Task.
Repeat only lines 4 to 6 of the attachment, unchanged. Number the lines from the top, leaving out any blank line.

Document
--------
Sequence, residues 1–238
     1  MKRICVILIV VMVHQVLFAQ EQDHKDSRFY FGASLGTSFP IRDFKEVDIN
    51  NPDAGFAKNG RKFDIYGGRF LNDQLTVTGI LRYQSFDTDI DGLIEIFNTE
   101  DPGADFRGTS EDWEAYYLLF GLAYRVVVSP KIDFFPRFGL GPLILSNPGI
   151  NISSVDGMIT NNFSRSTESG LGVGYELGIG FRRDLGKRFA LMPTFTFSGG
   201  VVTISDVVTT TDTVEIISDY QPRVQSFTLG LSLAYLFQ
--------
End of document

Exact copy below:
   101  DPGADFRGTS EDWEAYYLLF GLAYRVVVSP KIDFFPRFGL GPLILSNPGI
   151  NISSVDGMIT NNFSRSTESG LGVGYELGIG FRRDLGKRFA LMPTFTFSGG
   201  VVTISDVVTT TDTVEIISDY QPRVQSFTLG LSLAYLFQ